The day has stretched into night, and still they're all here. Everyone is tired. Everyone wants this finished. "Quiet!" shouts the video crew's director. Then, realizing he may have gone too far, he adds, "Not you, Jason."
Jason Kidd shrugs. "I can be quiet," he says. He means it. He can be. He will be. Anything you want: another take, another minute, hour, evening? No problem. That take was perfect; do it again standing this way? O.K. That way? O.K. It's past 8 p.m., and Kidd has been at the New Jersey Nets' practice facility in East Rutherford for nearly 12 hours, enduring the demands of a still photographer, the long stretches of waiting and now this camera crew shooting an instructional video for Huffy home basketball equipment. Over and over he dribbles, shoots, rebounds and talks to the cameras. Again and again he recites the phrase that sums up his success: "Everybody loves to play with somebody who knows how to pass."
He is the star, of course. All the lights, the technicians, the makeup woman, the three NBA officials and the TV monitors are here because Jason Kidd is the All-Star point guard who has transformed the Nets into this season's most surprising and entertaining success. All are here for him, but somehow it seems the other way around. "How was I?" Kidd asks softly after each take. His face is a study in earnestness. "Did I cover everything? Did I explain it?"
He's so cordial. He's so nice. He stands there on the empty court, practicing his lines between takes. Everyone marvels at his patience, how he can go on, hour after hour, without snapping.
Off to the side, out of the glare, Kidd's wife, Joumana, sits minding their three-year-old son, T.J. The family seems very content. No one from Huffy, the NBA, the Nets or the production crew brings up the fact that a year ago Jason was arrested in Paradise Valley, Ariz., for punching Joumana in the face. Still, everyone is watching the couple, trying to reconcile that night with this one. Joumana and T.J. have been here since midafternoon. At each break Jason calls out to his wife or walks over to her, and the two smile and look perfectly in sync. What does that mean? Maybe plenty, maybe nothing. T.J. runs out to his dad. Already he can imitate Jason's dribble and foul-line stance with astonishing accuracy.
Now it is even later. Most of the gym lights are out. Joumana tries to keep T.J. from interfering in the shoot, but he's the handful that three-year old boys are. He wants to get out there with his daddy, which would mean another blown take, another 10 minutes of everyone's precious time. "Shuush," Joumana says. She holds T.J. back, tries to distract him. "Did you have a nice time at school?" she asks. T.J. wants none of it. He turns and hits her square in the cheek with his right hand. She grabs the hand, her mouth sets, and she says, "Did you have a good time at school today?"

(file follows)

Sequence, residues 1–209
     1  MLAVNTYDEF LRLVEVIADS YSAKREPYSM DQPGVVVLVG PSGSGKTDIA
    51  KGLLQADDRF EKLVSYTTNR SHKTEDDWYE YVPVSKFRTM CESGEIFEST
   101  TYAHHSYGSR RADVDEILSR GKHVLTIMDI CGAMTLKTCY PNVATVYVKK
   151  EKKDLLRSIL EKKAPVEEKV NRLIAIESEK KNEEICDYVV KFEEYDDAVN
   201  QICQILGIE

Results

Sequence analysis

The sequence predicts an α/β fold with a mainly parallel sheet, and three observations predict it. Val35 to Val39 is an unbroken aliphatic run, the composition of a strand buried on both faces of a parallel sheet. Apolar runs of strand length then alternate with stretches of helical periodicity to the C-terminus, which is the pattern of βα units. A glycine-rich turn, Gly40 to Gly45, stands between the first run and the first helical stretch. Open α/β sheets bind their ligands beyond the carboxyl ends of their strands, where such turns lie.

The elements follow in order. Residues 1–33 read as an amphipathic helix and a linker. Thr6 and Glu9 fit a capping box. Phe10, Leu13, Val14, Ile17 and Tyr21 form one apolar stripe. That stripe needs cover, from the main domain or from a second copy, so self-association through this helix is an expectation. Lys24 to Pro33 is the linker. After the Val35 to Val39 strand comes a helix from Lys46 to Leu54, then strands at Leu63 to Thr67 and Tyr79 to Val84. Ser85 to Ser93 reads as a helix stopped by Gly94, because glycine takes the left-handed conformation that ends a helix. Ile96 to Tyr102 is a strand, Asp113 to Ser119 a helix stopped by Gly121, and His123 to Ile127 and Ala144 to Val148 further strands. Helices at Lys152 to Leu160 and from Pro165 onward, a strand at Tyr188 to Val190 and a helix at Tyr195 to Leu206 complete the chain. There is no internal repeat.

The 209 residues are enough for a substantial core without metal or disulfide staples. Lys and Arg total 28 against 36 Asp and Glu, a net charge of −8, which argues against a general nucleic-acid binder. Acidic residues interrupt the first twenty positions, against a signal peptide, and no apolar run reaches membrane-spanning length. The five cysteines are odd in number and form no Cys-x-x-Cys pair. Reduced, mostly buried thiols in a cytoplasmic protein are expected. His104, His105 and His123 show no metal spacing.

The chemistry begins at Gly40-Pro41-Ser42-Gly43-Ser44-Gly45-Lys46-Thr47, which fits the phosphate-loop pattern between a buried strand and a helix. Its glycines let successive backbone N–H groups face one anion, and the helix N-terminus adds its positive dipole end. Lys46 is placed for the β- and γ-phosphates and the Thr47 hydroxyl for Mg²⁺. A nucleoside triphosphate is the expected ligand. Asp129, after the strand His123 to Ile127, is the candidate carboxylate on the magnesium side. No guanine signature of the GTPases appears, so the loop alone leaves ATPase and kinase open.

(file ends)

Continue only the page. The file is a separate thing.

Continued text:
He hits her again. Joumana holds her son's hand tight in hers, stares into his eyes. No one who has seen this says a word. What does it mean? Maybe plenty, maybe nothing. T.J. loses interest and crawls away. Joumana rolls a ball at his butt, and T.J. laughs, and then he stands and starts dribbling like Jason Kidd. On the court his daddy is finishing his sixth and final sign-off for the cameras: "With a little luck and practice—maybe I'll see you in the pros."
Everyone whoops: It's over. Kidd spends the next few minutes as the perfect host, making contact with all the people in the room, asking what flights they're taking, their plans for the night. One cameraman, a Nets fan, puts out his hand. "Thank you for saving our franchise," he says. But Kidd turns that around too.
"Thanks, guys," he says again and again. "Sorry you had to put up with me."
It began the way it always begins. She was beautiful, and he had to have her. He saw her, and it all became clear: They would get together, and one thing would lead to another. Soon he lost his head a bit and saw the two of them together forever, the ballplayer and the Bud girl. That was what she was then, something she calls a "promotional model," which meant she would show up at Bay Area events wearing less than most other people and push beer in that friendly-but-not-too-friendly way that promotional models learn. He was a 19-year-old and thinking like one, not getting much beyond the fact that, as his best friend, Andre Cornwell, puts it, in the Bay Area in 1992 "she was just it. She was known as the hot thing."